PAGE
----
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Logo of nihpaAbout Author manuscriptsSubmit a manuscriptHHS Public Access; Author Manuscript; Accepted for publication in peer reviewed journal;
 
J Cell Physiol. Author manuscript; available in PMC 2011 June 1.
Published in final edited form as:
PMCID: PMC2875260
NIHMSID: NIHMS202458

Transcriptome study for early hematopoiesis—achievement, challenge and new opportunity

Hematopoietic stem progenitor cells are the source for the entire hematopoietic system. Studying gene expression in hematopoietic stem progenitor cells will provide information to understand the genetic programs controlling early hematopoiesis, and to identify the gene targets to interfere hematopoietic disorders. Extensive efforts using cell biology, molecular biology and genomics approaches have generated rich knowledge for the genes and functional pathways involving in early hematopoiesis. Challenges remain, however, including the rarity of the hematopoietic stem progenitor cells that set physical limitation for the study, the difficulty for reaching comprehensive transcriptome detection under the conventional genomics technologies, and the difficulty for using conventional biological methods to identify the key genes among large number of expressed genes controlling stem cell self renewal and differentiation. The newly developed single-cell transcriptome method and the next-generation DNA sequencing technology provide new opportunities for transcriptome study for early hematopoietic. Using systems biology approach may reveal the insight of the genetic mechanisms controlling early hematopoiesis.

The early hematopoietic differentiation

Hematopoietic system is one of the best-characterized cellular differentiation systems. The hematopoietic stem cell is formed in the ventral mesoderm at the embryonic stage, and migrates progressively to yolk sac, aortic region, placenta, fetal liver, and bone marrow in the adulthood (Zon. 2008). During the process, some hematopoietic stem cells maintain self-renewal capacity, others gradually loss their self-renewal capacity and differentiate towards the lineage-defined multipotent progenitors cell, the lineage-restricted progenitors, and eventually the mature terminal cell types to perform specified physiological functions. The early hematopoiesis plays critical role in maintaining the entire hematopoietic system. The functional aberrations in early hematopoiesis directly cause various hematopoietic disorders. Studying gene expression in early hematopoiesis is critical to understand the genetic mechanisms controlling early hematopoiesis, and to identify genetic causes for hematopoietic disorders.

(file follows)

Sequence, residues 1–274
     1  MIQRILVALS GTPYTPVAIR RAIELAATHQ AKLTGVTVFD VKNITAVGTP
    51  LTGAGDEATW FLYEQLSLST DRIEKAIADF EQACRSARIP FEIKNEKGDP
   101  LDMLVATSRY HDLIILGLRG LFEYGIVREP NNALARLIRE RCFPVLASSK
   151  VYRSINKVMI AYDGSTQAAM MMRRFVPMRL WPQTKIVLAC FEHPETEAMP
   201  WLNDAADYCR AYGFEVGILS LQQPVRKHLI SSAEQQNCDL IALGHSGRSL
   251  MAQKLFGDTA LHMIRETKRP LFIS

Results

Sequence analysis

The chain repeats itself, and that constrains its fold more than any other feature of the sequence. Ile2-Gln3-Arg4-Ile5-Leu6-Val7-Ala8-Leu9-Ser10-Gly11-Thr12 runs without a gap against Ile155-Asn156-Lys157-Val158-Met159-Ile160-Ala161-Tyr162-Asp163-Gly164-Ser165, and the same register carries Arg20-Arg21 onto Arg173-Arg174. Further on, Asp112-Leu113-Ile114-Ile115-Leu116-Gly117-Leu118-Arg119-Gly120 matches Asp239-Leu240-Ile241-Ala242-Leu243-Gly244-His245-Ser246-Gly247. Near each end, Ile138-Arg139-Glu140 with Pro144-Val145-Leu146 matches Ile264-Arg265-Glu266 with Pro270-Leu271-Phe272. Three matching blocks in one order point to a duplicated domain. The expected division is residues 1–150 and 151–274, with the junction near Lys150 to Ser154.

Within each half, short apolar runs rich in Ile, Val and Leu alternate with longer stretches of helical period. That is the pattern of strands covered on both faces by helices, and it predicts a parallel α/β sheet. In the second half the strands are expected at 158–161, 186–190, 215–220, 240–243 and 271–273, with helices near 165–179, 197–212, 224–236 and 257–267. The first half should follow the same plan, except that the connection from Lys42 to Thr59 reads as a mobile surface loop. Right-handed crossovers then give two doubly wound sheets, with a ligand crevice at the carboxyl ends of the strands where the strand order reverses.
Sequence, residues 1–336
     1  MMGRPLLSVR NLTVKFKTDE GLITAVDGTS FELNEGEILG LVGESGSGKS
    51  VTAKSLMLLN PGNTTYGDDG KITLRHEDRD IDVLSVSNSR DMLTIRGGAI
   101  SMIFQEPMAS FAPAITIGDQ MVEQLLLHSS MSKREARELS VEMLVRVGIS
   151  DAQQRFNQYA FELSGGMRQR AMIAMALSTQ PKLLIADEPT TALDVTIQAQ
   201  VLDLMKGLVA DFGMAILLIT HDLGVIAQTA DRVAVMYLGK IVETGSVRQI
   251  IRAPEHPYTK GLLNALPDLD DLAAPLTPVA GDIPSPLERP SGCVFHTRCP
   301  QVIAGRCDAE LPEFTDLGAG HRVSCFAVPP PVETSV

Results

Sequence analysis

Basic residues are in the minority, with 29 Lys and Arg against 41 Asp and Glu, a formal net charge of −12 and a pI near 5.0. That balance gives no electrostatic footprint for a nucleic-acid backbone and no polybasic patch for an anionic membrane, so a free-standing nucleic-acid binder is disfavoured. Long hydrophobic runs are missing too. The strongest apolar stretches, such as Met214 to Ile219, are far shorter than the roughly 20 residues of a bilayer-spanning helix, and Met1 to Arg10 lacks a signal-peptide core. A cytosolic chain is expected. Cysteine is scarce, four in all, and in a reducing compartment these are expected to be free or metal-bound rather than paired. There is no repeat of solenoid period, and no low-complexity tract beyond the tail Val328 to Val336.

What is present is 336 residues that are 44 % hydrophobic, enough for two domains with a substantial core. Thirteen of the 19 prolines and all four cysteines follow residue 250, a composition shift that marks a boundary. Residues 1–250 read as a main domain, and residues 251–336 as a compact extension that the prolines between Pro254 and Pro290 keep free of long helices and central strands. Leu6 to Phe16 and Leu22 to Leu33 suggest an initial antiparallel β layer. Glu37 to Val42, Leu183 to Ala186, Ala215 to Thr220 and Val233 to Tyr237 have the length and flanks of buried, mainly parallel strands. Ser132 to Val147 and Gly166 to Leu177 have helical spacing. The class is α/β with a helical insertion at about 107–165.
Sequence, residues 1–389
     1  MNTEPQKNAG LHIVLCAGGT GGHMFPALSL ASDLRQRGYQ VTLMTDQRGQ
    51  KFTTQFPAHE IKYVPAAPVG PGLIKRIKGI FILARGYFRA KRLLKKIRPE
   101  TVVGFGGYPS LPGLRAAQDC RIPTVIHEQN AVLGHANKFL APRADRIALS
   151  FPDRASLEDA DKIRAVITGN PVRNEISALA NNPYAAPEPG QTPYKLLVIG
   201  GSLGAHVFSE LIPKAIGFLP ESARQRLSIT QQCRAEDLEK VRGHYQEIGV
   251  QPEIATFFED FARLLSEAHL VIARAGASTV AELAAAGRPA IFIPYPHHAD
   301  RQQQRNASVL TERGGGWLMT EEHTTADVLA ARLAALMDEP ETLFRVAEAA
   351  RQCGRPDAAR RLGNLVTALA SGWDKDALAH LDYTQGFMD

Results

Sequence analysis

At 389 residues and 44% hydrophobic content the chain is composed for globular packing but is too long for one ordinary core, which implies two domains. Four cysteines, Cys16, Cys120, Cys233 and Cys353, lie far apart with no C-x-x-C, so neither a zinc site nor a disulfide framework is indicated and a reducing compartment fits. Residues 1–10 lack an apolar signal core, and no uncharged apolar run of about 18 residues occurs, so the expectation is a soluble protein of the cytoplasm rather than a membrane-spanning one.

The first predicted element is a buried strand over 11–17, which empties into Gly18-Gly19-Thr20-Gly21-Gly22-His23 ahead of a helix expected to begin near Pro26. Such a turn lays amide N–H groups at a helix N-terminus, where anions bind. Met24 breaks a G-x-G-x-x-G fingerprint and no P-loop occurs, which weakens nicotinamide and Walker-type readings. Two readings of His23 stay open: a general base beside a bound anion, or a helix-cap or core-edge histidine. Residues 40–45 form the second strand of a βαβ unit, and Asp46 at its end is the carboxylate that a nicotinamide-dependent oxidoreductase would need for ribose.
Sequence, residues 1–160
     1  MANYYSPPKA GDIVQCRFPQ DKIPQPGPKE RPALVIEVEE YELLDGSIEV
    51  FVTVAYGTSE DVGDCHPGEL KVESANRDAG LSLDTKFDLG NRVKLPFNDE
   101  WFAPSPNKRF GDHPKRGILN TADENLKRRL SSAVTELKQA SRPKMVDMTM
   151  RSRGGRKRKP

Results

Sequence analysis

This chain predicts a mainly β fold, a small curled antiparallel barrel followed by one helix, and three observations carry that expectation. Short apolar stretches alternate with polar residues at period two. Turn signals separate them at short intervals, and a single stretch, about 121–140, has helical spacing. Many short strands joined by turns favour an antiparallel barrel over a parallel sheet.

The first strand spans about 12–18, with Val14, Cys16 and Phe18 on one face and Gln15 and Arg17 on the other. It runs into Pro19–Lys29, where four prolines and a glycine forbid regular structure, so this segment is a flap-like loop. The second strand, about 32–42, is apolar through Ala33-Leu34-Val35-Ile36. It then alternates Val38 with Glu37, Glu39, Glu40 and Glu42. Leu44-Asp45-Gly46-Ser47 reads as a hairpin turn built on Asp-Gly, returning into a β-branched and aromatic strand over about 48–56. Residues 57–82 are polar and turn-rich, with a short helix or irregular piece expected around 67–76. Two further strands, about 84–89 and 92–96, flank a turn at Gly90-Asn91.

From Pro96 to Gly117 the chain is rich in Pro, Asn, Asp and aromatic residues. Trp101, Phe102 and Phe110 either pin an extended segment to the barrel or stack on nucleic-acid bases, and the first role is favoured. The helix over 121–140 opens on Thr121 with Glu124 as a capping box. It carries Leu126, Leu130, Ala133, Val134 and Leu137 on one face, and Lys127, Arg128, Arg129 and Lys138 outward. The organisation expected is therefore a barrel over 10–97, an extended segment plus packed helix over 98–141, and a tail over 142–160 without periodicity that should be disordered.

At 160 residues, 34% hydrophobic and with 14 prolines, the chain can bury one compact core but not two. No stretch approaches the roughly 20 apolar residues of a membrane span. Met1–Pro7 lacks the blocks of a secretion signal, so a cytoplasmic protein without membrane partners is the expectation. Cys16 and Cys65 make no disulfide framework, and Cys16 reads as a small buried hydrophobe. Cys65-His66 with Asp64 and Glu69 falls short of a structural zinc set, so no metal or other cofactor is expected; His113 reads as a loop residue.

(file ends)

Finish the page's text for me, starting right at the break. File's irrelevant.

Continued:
Hematopoiesis is a dynamics process. To study hematopoiesis, it requires determining the specific differentiation stages of the cells. This is largely achieved by identifying cellular surface markers that are presence or absence at specific stages of hematopoiesis. A typical example is the CD34+marker. CD34+was firstly identified in 1984 (Civin et al. 1984). Subsequent studies determined that CD34+is present in early-stage hematopoietic cells (Tindle et al., 1985; Katz et al., 1985; Andrews et al., 1986; Watt et al., 1987), and the hematopoietic CD34+cell is able to reconstitute the entire hematopoietic system in the lethally irradiated animal (Berenson et al., 1988). After nearly 10 years, CD34+gene was cloned (Simmons et al., 1992) and its genome origin and structure was located at 1q32 (Satterthwaite et al., 1003). Molecular analysis reveals that CD34+is a 40-kDa type I integral membrane protein with nine potential N-linked and numerous potential O-linked glycosylation sites in its extracellular domain. Continuous studies indicate that CD34+ marker is a pan-early hematopoietic cell marker. It is present in later hematopoietic stem cell, multipotent hematopoietic progenitors cell and the lineage-restricted hematopoietic progenitors. While the biological function of CD34+ molecule itself remains largely unknown (Furness et al., 2006), CD34+ cells have been used widely as hematopoietic stem cells for clinical transplantation to restore the hematopoietic system. However, It has been observed that D34-/CD38- cells can also initiate multilineage hematopoiesis (Bhatia et al., 1998). Therefore, not all hematopoietic stem cells are CD34+. To further define the early differentiation stage of hematopoiesis, new markers specific for each specific stage will be required. Indeed, more specific surface markers have been identified for cell types differentiated at specific stages. For example, coupling with CD38, a glycoprotein expressed in matured immune cells, CD34+ cells can be further divided into CD34+/CD38− subpopulation that enrich for the primitive hematopoietic stem cells and CD34+/CD38+ subpopulation that enriches for the lineage-committed hematopoietic progenitor cells (Georgantas et al., 2004). More markers can be used to further define the cells at more specific stages. Using more specific markers, one can further sub-classify early hematopoietic cells that greatly facilitate hematopietic study in determining the origin, the migration pathway and the cellular development using the advanced cell sorting techniques, antibody staining, and animal models.

Studying gene expression in early hematopoiesis